I'm a Christian. Why would I use filthy language? Like many other Christian testimonies, that of my brother-in-law tells of how when he became a Christian his language immediately cleaned up. Yet I now use worse language than I used to. What's wrong with me?
First off it's my opinion that the Bible really has nothing to say directly about using curse words and similarly colorful adjectives. We are commanded not to use the Lord's name “in vain”, but this refers to breaking oaths in God's name. The Bible even contains sexual puns and frank sexual language, including degrading sexual references. (They show up in the original language and are often sanitized in English translations.)
So I can just say whatever I want when I want? Not exactly. Let me tell my story.
I became a Christian in junior high. I was already shy and a goodie-two-shoes type of guy. I didn't use bad language. Several times I reported my younger brother's language to my parents and got him in trouble. I tried to be a good Christian.
Flash forward to my adult life. I became engaged in some addictive behavior. It caused a lot of problems for me and my family. I went into therapy and attended groups for many years working to manage my addiction. There a funny thing happened.
One thing I learned was that I was repressing my emotions. I didn't think much about stuff that happened when I was young. I needed to get that stuff out. I also stored up stuff that happened to me daily. I controlled myself until I couldn't take it any more. Then I blew up, usually at my wife and children. This was bad (DUH!) and it soon became apparent that anger was as big an issue as my addiction. Probably bigger.
I also realized that I had another problem. Despite believing in God's grace I often acted like a legalist. I judge myself and other by what I did. I held others up to my standard, compared myself to them and rationalized why I was better. This behavior was ingrained in my personality and was reinforced by my religious life. Over time God impressed on me that this was my biggest problem. It's what Jesus hated about the Pharisees. It's almost (not quite, but ever so close) like God told me and keeps telling me that he could care less how I behave. What he wants is me to be honest with him and others. To love him and others.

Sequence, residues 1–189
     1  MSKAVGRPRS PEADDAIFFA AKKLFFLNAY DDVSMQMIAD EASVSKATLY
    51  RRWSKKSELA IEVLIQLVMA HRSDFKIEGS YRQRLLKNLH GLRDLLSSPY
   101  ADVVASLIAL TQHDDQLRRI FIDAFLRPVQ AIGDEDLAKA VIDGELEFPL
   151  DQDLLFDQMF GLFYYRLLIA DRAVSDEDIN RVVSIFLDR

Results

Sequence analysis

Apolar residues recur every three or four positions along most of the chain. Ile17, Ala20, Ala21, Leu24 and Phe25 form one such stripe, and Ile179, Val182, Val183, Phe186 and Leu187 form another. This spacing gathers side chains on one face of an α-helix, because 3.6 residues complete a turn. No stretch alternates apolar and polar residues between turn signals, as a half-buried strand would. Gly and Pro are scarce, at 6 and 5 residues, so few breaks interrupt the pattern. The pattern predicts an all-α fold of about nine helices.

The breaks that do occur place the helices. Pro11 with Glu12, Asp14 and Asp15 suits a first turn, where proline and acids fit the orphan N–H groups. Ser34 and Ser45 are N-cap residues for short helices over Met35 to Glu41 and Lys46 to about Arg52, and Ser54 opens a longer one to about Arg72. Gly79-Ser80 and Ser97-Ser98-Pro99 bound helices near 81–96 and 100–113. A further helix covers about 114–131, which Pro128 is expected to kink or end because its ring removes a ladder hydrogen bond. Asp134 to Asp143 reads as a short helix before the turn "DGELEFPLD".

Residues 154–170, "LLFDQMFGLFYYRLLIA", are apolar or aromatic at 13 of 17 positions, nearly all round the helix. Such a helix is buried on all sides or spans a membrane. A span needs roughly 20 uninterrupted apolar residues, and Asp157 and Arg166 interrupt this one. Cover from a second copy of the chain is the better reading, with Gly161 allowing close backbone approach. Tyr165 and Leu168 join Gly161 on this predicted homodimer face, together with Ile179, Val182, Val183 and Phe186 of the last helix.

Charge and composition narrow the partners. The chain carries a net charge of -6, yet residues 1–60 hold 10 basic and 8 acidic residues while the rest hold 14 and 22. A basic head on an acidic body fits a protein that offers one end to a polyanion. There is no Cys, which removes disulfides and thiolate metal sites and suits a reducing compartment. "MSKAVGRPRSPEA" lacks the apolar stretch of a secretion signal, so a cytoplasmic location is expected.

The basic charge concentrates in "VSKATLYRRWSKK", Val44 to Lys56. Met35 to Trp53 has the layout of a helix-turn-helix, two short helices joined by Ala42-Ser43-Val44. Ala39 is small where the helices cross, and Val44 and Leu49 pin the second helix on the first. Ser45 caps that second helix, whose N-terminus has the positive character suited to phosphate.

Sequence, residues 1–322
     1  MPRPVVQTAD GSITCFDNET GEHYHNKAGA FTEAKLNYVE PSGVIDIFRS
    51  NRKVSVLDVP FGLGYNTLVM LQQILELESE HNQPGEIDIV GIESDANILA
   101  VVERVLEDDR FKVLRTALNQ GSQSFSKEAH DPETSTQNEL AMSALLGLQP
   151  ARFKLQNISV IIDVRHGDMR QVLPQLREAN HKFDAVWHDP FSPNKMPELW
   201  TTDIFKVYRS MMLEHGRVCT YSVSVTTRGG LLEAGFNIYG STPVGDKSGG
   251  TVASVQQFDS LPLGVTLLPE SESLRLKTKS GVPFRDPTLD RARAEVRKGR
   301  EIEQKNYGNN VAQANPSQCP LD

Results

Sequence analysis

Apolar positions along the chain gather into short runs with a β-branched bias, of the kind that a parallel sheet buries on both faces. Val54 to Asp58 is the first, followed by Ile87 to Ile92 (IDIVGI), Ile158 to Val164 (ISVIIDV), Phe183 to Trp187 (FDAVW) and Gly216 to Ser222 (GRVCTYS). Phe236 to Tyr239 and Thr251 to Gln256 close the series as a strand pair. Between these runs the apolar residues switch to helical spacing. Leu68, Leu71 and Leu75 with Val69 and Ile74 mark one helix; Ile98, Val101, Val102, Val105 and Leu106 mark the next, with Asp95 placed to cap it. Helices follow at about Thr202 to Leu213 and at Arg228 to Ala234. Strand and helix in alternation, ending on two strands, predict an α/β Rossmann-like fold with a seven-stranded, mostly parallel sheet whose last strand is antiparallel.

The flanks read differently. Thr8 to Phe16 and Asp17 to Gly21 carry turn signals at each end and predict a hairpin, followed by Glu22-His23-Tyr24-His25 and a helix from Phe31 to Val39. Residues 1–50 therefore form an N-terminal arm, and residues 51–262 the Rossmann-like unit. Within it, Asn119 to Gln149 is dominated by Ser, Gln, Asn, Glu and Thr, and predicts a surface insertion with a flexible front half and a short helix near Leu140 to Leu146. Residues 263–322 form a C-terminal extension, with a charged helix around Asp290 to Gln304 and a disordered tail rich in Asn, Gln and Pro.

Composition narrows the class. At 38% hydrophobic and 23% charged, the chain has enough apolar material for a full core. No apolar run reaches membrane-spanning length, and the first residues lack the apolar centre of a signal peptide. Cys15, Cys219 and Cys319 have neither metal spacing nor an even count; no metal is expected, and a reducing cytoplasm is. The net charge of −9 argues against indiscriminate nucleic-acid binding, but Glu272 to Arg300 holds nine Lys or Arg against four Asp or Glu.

I took to swearing for a couple of reasons. I needed to express my anger in healthy ways. Swearing is a tremendous way to express anger. I try to not swear at people. I try to be mad, to let my anger out, to let people know how I'm feeling without blasting them. Swearing helps all this.
The second reason I swear is to fight legalism. It's still easy for me to play my little Christian game. To pretend to myself and others that I'm good and godly and holy. Throwing in some swear words instantly negates that perception.
So it's good that I swear and I should just let rip whenever, right? Wrong. As healthy as it may be for me there are many times it may hurt people around me. Work is one place where it can cause problems. I also try to watch what I say around children. And, despite appearances, I really do try to not offend people needlessly. I may let some words go to purposely rattle people, but I try not to do it too often.
All of this sounds like I've got the whole thing totally under control. That would be wrong too. I often swear because I'm mad (damn it!) and just let go. I'm imperfect and often say the wrong thing at the wrong time. I often need to apologize.
Finally I have sworn a couple of times during a sermon I was giving. I did it with careful consideration. George Patton was asked why he swore so much. He said it was so people would remember what he said. Often we Christians read and hear the same things over and over. Some are radical ideas that should shake us up but we've become immune. I've twice tried forms of swearing to make a point in a sermon stick. Did it work? People definitely remember that I swore. It's unclear if the point stuck or not.
That's where I am on swearing. It's helpful to me, but I try to watch it (I'm actually now trying to cut back a bit, to give my anger to God and let it go more easily.) It's not OK to say anything at any time, but I often violate protocol to remind myself and other Christians to lighten up a bit. Most of all, I'm far from perfect and so is my language, but the closer I can get to honestly and love the better off I am.
Episode 536 Scott Adams: Nuclear Persuasion
8 minutes ago